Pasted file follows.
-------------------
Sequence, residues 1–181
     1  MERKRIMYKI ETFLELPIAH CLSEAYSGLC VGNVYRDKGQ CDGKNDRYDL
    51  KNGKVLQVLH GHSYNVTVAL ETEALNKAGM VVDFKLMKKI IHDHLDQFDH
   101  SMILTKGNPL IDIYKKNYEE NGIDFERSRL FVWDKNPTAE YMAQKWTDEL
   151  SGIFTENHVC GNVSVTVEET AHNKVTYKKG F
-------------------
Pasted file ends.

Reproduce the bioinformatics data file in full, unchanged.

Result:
Sequence, residues 1–181
     1  MERKRIMYKI ETFLELPIAH CLSEAYSGLC VGNVYRDKGQ CDGKNDRYDL
    51  KNGKVLQVLH GHSYNVTVAL ETEALNKAGM VVDFKLMKKI IHDHLDQFDH
   101  SMILTKGNPL IDIYKKNYEE NGIDFERSRL FVWDKNPTAE YMAQKWTDEL
   151  SGIFTENHVC GNVSVTVEET AHNKVTYKKG F